World Football Summit speaks exclusively with Ben Smith, chartered accountant and partner at FLM, a forward-thinking wealth management service based in London, about the need for financial education in football. This interview features as part of the latest edition of WFS Digest, our new insider’s guide to the latest and most relevant thoughts and practises from within the football industry. You can subscribe to WFS Digest HERE.
Ben Smith is a chartered accountant and partner at FLM, a forward-thinking wealth management service based in London, who has taken a turn towards sports in the last three years. With 20 years of managing assets worth €1.65 billion, their team now applies its financial expertise to players with a two-pronged approach: education and wealth management. The reason? “In football, you have 50 or 60 years of retirement, and this causes huge problems when it comes to providing yourself with income,” says Smith. “Of course, many people turn to other activities, and our message to them is: wouldn’t it be nice to do those things out of choice, as opposed to necessity?”
FLM are visiting academies throughout the UK to deliver educational seminars on basic financial concepts, while also underlining what represents good financial practice and the importance of wealth management to educate the next generation of sportspeople. They have so far delivered sessions to teams including: Wolves, QPR, Huddersfield and Chelsea Women, and work with numerous high-profile athletes across various disciplines. As Smith puts it: “In the world of football, because things come at such a young age and there is a sort of glitzy culture where people drive really nice cars, it’s even easier to get carried away…”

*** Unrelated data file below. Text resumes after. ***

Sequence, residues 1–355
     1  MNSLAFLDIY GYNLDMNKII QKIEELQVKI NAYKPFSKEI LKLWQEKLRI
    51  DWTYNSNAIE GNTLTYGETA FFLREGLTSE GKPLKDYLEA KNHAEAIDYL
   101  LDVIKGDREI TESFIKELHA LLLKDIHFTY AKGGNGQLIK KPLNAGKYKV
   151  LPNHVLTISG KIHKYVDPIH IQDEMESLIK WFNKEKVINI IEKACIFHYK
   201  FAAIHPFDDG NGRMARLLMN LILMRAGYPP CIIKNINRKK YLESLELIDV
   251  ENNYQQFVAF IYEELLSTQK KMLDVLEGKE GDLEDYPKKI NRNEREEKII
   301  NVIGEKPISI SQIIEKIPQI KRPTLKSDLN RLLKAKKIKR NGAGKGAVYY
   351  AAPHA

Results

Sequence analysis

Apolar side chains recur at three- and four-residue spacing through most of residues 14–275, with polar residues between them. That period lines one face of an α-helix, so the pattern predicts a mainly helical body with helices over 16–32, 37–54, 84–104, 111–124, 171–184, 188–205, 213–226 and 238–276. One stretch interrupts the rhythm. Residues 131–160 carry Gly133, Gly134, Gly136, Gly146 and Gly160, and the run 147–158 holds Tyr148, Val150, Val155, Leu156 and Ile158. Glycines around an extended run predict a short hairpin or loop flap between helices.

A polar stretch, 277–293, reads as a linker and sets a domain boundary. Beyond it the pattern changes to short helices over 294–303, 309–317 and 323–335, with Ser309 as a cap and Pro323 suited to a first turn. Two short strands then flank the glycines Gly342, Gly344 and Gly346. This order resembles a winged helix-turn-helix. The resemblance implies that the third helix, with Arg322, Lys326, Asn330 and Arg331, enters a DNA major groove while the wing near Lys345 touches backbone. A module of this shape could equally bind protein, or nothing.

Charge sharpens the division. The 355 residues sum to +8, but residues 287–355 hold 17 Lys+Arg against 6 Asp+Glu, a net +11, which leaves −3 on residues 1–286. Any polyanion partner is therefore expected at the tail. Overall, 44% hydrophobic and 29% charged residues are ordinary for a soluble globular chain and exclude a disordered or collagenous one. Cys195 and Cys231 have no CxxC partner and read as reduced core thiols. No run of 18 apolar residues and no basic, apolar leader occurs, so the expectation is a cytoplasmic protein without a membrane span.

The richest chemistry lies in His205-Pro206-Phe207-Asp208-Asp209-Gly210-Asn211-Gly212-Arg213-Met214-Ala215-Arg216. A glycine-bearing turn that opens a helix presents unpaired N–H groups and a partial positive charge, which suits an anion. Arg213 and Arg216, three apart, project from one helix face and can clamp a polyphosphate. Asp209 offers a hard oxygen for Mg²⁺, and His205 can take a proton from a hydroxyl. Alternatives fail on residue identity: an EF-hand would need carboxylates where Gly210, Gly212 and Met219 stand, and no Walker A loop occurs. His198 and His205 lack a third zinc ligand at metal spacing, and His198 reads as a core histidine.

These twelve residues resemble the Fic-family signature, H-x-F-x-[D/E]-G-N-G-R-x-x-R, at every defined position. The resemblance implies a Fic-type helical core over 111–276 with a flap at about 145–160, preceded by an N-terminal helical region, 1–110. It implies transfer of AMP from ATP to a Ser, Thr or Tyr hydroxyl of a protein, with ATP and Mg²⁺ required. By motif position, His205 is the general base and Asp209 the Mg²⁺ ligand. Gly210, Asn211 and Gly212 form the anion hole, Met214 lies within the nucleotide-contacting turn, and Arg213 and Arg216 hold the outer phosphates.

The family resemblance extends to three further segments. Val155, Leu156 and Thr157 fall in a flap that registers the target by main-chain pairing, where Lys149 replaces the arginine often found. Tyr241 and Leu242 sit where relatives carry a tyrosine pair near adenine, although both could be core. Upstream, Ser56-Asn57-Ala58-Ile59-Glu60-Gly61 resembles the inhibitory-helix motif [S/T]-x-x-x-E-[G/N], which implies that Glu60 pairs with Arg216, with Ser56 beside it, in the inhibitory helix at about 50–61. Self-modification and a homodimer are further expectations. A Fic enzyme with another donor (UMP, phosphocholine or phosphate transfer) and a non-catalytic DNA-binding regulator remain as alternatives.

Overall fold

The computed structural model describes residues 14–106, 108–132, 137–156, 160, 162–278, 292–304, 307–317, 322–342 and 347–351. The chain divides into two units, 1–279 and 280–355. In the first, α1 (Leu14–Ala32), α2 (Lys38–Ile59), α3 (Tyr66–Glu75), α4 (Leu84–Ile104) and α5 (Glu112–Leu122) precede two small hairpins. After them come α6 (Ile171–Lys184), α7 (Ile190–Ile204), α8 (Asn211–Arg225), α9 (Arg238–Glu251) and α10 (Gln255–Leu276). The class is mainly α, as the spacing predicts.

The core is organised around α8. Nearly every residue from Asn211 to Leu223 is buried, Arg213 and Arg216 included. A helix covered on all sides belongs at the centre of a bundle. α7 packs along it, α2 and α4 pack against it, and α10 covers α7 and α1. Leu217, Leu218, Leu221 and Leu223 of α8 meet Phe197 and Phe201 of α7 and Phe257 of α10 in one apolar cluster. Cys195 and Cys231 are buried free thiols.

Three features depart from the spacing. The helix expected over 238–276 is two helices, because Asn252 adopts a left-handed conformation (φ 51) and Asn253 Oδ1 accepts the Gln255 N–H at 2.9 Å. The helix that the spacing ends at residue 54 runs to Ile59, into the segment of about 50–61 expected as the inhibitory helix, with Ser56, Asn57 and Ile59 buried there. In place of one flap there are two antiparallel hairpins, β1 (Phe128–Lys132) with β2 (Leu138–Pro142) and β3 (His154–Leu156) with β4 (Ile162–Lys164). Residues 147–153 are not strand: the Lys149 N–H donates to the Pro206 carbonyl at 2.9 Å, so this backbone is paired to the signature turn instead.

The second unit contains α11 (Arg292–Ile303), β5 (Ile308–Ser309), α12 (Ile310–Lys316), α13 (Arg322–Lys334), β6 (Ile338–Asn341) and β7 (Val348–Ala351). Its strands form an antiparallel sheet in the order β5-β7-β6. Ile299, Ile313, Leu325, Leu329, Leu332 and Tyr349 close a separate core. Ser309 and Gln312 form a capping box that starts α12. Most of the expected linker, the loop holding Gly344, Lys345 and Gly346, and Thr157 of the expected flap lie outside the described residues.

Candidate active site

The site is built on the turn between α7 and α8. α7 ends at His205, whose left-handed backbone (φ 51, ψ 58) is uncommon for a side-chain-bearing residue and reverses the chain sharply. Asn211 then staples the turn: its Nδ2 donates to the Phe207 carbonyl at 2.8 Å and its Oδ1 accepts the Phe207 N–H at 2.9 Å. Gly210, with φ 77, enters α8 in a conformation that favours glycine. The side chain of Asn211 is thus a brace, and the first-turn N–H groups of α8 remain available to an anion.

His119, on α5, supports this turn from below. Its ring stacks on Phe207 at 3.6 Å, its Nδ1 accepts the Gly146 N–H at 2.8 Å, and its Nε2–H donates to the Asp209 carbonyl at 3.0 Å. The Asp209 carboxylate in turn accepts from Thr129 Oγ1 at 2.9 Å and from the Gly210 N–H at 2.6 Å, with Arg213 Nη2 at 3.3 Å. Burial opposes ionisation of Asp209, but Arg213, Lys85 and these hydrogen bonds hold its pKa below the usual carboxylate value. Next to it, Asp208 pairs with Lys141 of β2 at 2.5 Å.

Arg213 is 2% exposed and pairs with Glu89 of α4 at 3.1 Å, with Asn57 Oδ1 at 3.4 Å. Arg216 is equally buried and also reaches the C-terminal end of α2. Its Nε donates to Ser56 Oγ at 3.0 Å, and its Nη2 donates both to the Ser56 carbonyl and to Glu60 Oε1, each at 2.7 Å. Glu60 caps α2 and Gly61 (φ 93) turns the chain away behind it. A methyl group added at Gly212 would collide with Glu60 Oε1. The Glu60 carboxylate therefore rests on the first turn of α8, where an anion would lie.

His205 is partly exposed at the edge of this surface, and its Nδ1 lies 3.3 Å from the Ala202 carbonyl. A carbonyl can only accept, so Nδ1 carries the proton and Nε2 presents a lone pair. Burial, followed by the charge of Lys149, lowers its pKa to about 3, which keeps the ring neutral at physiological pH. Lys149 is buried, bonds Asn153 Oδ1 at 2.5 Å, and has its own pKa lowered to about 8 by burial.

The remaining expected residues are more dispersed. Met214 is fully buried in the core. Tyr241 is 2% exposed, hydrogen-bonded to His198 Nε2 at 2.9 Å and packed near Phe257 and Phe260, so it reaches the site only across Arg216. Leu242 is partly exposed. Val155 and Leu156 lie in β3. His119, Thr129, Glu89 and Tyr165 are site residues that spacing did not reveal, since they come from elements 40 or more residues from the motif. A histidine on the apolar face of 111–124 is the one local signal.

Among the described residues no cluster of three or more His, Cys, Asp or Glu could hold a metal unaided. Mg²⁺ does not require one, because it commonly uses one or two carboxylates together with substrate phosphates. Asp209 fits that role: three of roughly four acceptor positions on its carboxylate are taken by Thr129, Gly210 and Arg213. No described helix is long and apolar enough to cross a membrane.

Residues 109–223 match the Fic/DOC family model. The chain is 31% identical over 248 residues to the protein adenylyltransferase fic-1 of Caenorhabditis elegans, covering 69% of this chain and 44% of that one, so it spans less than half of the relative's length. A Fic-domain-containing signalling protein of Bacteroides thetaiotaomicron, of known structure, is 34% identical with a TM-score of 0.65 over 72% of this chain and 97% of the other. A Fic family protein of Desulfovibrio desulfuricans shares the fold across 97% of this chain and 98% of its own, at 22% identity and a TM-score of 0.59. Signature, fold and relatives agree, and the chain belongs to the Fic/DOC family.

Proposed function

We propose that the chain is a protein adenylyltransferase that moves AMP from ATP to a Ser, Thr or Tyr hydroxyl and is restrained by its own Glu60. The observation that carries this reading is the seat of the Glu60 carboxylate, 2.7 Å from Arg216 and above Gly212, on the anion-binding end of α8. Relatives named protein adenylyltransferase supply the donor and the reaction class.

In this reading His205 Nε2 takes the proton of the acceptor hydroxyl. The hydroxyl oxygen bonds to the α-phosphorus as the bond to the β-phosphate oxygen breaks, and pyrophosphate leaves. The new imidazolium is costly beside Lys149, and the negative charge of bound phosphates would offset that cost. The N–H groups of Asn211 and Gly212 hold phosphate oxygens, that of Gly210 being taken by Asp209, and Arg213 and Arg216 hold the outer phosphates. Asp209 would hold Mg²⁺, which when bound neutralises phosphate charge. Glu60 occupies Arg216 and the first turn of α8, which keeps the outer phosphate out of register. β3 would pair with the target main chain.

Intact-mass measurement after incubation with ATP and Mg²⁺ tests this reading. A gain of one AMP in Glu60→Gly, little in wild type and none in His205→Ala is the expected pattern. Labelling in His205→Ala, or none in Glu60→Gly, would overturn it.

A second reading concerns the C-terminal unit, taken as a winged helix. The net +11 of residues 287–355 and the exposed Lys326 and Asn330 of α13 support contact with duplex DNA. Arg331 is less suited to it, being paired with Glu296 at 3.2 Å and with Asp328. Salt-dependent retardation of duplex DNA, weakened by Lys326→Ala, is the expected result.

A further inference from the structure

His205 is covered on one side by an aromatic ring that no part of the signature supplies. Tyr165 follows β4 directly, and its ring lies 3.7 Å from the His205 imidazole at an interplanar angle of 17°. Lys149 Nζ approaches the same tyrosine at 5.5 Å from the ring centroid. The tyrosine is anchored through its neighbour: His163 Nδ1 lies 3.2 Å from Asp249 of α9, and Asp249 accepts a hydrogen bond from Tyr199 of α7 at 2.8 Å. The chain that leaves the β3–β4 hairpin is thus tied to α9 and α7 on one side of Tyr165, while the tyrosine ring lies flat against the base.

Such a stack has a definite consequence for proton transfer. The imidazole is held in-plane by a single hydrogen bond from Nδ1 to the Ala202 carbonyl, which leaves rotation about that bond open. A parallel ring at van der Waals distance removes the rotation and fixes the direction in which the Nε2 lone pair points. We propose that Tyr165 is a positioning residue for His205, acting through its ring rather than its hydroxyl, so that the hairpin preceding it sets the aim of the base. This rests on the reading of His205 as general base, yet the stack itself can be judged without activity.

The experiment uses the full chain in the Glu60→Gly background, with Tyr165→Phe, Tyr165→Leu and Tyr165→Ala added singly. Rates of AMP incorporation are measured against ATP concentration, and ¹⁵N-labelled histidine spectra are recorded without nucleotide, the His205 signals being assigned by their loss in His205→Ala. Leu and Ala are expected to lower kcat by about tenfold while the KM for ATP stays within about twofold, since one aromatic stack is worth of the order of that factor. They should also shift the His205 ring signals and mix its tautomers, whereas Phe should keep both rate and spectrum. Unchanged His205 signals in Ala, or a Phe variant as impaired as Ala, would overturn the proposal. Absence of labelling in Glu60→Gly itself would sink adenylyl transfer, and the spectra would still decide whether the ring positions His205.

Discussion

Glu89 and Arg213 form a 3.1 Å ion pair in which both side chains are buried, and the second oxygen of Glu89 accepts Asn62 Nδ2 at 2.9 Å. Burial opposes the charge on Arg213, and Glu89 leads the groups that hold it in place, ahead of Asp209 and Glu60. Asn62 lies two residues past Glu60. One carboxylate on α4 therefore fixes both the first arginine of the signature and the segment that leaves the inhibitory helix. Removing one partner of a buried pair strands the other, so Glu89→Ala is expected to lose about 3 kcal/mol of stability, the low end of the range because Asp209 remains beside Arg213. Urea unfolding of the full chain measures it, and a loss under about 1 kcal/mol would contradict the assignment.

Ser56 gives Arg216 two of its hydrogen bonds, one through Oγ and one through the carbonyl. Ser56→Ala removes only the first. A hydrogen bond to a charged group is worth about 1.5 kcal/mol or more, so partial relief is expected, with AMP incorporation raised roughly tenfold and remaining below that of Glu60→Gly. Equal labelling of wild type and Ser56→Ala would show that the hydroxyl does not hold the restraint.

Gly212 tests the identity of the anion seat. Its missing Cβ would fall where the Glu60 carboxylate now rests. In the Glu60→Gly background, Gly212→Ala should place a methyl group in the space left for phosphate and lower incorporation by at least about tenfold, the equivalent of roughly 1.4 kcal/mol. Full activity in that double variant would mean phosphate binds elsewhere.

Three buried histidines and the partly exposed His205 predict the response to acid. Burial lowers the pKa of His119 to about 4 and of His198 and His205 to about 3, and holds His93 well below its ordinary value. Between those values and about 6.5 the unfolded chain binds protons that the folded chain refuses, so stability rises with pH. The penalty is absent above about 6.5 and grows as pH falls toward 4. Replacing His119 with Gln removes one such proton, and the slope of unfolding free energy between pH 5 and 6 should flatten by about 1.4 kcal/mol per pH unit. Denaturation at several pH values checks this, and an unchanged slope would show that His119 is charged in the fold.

“Player care is a new subject, as earnings in football have only really gone bananas during the last 20 years”
World Football Summit: Many fans would be astonished if they knew how many former football players and athletes suffer economic hardship. How did you find your way into player care and education?
Ben Smith: For us, it’s about recognising that any athlete is ultimately time poor, and they won’t have time to focus on their money and finances as much as they’d like. But of course, they’re the ones who are in control, so unless we educate people from a young age and open their eyes to how they can manage their money, and the sort of habits they should be getting into, it’s all going to go wrong. Our mission is to educate from a young age and give those athletes the tools to make some really sensible decisions throughout their career.
Every time we speak to a club or an athlete or a group of athletes, our first message is: ‘You’re in control’. No one really likes being told what to do, and in order to help someone we’ve got to get them on side, and believing why they should save each month or set up different investments or buy a house and pay it off by the time they finish playing. It’s very easy for us to tell someone what to do, but unless they’ve bought into that and recognise why it’s so important, you’re always going to struggle to make them take good decisions.
WFS: Is the fact that 60% of athletes encounter economic difficulties after retirement an exaggeration?
Smith: It varies from sport to sport, that’s key. If we focus just on football, statistics say 60% of players run out of money after five years of stopping playing. And again, it’s not surprising for a number of reasons: one, obviously, is that when you earn a lot of money from a young age it’s a very dangerous thing to happen. How many of us made big financial decisions in our twenties? In football, you’re not going to earn those amounts after age 35. So that period you have to make a real difference to your finances is shorter – 15 years on average, compared to 40-45 in more traditional careers – but also it comes at the start of your life. And when this happens, you’re not necessarily in a position where you’ve got as much fear, you feel invincible and you think it’s going to last forever.